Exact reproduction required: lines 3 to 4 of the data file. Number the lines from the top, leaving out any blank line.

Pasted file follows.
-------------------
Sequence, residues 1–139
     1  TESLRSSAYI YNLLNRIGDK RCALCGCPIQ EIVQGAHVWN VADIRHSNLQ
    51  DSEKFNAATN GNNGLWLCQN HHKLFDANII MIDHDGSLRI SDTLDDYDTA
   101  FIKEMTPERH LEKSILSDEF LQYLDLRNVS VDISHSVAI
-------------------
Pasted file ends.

    51  DSEKFNAATN GNNGLWLCQN HHKLFDANII MIDHDGSLRI SDTLDDYDTA
   101  FIKEMTPERH LEKSILSDEF LQYLDLRNVS VDISHSVAI